In Re Ardas Yanik, Debtor.julian Ayrs, Appellant, v. Chapter 7 Trustee, Appellee, 8 F.3d 34 (9th Cir. 1993)Annotate this Case
Submitted Sept. 20, 1993. *Decided Sept. 29, 1993
Before: FLETCHER, POOLE, and O'SCANNLAIN, Circuit Judges.
Lien creditor Julian Ayrs appeals pro se the Bankruptcy Appellate Panel's ("BAP") order affirming the bankruptcy court's denial of Ayrs's motion for relief from the automatic stay protecting Chapter 7 debtor Ardas Yanik. We have jurisdiction to review. See Crocker Nat'l Bank v. American Mariner Indus., Inc. (In re American), 734 F.2d 426, 428 (9th Cir. 1984). We affirm.
On July 7, 1991, debtor Yanik filed a petition under Chapter 7 of the Bankruptcy Code, 11 U.S.C. § 701. Ayrs filed a motion requesting relief from the automatic stay protecting Yanik, seeking to sell Yanik's Northridge, California residence in order to satisfy a pre-petition money judgment secured by Ayrs against Yanik in state court.1 The bankruptcy court denied Ayrs's request for a stay, finding that Ayrs failed to show cause for relief from stay under 11 U.S.C. § 362(d) (1).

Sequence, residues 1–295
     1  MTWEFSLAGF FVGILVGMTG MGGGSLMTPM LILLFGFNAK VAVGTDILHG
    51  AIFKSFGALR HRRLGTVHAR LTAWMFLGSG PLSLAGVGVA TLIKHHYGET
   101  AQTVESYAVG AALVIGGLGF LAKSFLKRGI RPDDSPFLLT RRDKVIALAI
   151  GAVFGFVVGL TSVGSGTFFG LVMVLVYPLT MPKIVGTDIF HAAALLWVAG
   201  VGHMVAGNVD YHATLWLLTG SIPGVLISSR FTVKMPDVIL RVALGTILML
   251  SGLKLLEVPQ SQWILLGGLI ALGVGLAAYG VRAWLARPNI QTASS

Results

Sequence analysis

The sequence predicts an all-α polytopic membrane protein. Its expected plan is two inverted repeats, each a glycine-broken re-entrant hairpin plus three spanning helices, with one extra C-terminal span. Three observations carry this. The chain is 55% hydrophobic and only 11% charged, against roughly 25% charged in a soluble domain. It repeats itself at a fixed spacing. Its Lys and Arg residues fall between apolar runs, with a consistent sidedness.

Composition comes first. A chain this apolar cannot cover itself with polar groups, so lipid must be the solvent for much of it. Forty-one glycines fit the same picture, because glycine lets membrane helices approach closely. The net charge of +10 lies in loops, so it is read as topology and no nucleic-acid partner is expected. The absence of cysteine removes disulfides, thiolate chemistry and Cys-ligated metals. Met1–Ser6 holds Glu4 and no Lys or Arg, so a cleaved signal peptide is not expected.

Ayrs appealed to the BAP, which determined that the bankruptcy court did not abuse its discretion by denying Ayrs's request for relief from the stay. The BAP held that there was nothing in the record warranting overturning the bankruptcy court's determination that any misconduct by Yanik did not rise to the level of bad faith sufficient to establish cause for relief from the stay. Ayrs timely appeals to this court.
Ayrs contends the BAP erred by determining that: (1) Yanik did not act in bad faith by filing the petition, and (2) the state court judgment could be stayed. This contention lacks merit.
We review a bankruptcy court's order granting or denying relief from an automatic stay for abuse of discretion. See Idaho Dep't of Lands v. Arnold (In re Arnold), 806 F.2d 937, 938 (9th Cir. 1986). We we will not overturn a factual determination unless clearly erroneous. Ewell v. Diebert (In re Ewell), 958 F.2d 276, 279 (9th Cir. 1992).